EU Watchdog Scrutinizes Banks' Defenses After SVB, Credit Suisse Woes

EU Watchdog Scrutinizes Banks' Defenses After SVB, Credit Suisse Woes

The Single Resolution Board (SRB), an EU regulator, has revealed that while most leading euro zone banks have met the January 2024 target for issuing special debt to replenish capital in a crisis, some still need to bolster their defenses to ensure they can be swiftly wound up if necessary.

Recent banking crises, such as the collapse of Silicon Valley Bank (SVB) in the United States and the situation where UBS was forced to acquire Credit Suisse in Switzerland, have highlighted the need for banks and regulators to enhance their preparedness for rapidly unfolding crises.

One key lesson from the 2008 global financial crisis was the need for banks in the EU's banking union to maintain a minimum requirement for own funds and eligible liabilities (MREL). This requirement ensures that in times of crisis, taxpayers are not burdened with bailing out banks, as MREL debt can be written down to "bail in" the bank, preventing it from becoming "too big to fail."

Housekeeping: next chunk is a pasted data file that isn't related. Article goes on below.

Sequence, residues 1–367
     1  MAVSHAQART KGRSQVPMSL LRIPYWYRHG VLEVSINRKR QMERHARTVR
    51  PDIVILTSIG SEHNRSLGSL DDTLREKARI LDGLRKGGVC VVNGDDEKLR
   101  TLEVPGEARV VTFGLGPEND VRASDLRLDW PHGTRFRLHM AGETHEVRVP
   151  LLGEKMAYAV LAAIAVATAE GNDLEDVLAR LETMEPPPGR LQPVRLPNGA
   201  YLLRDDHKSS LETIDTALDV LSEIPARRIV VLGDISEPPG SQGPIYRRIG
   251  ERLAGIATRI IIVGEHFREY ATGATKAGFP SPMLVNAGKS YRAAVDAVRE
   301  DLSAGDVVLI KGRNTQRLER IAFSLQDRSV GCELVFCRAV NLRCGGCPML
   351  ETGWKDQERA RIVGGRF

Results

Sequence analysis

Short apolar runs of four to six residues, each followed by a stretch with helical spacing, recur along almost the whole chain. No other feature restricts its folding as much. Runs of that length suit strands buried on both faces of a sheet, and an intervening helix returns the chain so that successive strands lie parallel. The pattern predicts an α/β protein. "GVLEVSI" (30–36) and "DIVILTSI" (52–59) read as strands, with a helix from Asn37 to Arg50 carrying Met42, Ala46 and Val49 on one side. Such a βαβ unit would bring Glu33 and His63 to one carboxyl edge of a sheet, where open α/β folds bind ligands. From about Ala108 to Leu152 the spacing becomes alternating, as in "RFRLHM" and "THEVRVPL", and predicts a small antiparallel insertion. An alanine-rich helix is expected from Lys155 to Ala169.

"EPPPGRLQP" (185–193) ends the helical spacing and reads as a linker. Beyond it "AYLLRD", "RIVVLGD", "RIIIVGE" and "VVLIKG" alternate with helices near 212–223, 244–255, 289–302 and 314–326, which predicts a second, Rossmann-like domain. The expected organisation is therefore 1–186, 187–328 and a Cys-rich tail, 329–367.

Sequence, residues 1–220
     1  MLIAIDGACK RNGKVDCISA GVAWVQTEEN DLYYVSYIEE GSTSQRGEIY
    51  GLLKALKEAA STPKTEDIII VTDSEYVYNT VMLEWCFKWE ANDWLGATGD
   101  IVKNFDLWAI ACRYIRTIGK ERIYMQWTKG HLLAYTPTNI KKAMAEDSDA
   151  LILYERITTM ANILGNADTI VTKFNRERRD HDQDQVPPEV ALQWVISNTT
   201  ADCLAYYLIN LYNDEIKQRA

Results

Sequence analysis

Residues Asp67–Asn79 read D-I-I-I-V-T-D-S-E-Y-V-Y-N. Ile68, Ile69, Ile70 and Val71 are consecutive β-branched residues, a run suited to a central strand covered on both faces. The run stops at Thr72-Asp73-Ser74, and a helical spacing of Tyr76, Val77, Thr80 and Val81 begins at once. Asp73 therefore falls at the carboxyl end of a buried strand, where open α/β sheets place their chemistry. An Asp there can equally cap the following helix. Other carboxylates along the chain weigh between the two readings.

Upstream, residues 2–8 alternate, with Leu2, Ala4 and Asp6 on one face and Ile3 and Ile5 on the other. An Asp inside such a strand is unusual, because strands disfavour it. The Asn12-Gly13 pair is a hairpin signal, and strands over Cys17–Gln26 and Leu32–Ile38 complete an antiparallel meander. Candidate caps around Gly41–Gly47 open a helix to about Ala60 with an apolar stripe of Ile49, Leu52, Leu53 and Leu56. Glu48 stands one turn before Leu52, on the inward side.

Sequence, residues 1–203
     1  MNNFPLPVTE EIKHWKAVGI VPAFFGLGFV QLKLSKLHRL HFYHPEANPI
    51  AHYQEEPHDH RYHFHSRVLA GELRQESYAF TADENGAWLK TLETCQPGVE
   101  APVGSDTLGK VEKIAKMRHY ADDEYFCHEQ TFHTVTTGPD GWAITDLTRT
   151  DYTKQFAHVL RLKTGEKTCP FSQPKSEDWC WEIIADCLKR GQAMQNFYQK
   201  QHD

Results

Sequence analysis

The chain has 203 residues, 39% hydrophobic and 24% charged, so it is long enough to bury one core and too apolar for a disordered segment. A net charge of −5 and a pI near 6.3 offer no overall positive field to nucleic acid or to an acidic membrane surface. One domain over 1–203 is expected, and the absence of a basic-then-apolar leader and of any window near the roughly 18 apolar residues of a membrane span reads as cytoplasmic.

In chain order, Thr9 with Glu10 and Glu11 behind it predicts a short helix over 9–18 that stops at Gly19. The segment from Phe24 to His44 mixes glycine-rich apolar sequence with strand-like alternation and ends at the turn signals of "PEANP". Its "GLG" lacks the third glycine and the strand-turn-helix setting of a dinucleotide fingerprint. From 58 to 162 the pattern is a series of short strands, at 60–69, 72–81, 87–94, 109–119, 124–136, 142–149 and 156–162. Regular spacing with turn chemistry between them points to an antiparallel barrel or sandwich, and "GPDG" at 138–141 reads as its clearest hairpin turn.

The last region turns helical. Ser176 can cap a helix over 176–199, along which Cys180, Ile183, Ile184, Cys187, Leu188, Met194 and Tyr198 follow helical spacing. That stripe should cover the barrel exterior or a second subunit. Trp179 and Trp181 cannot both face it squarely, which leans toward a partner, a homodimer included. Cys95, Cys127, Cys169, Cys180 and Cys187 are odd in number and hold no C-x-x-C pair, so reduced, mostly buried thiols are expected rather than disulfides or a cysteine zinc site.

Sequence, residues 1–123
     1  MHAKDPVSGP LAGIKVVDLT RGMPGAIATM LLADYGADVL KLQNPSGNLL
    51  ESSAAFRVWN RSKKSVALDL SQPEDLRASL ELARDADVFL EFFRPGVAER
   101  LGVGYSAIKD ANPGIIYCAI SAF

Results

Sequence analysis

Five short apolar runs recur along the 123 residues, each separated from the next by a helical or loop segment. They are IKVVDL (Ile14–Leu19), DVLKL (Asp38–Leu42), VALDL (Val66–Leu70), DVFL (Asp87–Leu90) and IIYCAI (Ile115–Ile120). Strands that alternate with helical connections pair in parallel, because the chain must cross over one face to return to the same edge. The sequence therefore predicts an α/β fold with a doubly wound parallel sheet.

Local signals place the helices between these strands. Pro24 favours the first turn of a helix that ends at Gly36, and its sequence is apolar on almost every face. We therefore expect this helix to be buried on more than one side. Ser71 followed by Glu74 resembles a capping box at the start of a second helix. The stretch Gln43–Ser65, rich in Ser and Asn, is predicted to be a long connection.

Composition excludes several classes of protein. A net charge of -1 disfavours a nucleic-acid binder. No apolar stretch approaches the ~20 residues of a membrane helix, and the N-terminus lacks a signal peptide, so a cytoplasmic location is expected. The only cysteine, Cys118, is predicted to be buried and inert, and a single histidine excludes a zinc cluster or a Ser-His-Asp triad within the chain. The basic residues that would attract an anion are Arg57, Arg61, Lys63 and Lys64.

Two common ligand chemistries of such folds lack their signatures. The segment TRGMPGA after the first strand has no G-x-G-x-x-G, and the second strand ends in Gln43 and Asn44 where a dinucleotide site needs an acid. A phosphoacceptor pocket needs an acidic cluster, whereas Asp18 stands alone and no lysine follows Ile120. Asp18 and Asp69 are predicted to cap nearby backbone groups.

The SRB, responsible for setting MREL targets, reported that by the end of 2022, two-thirds of banks in the euro zone had met their final MREL targets. The remaining shortfall represents 0.3% of total risk exposures or €20.5 billion ($21.87 billion). While €2.7 trillion has been issued to date, 24 banks still have an MREL shortfall, with 14 of them granted extensions until the end of 2024 or 2025 to meet their targets.

In a report, the SRB stressed that while maintaining adequate loss-absorbing resources is crucial, it is equally vital for banks to demonstrate their ability to use these funds effectively in a crisis. The SRB's current focus is shifting towards ensuring that banks can credibly show by the end of this year that they can be smoothly "resolved," wound down, restructured, or sold without causing disruptions to customers.

The SRB affirmed its intention to review whether any material shortcomings persist and to take remedial action where necessary, although there are no indications of the need for intervention at this stage.

The recent banking turmoil has highlighted the significance of evaporating liquidity during crises. The SRB is closely scrutinizing banks' resolution plans to address this issue, and it plans to develop further guidance on the assumptions to be used, aiming to foster consistency across scenarios considered by banks while incorporating lessons from recent crisis cases.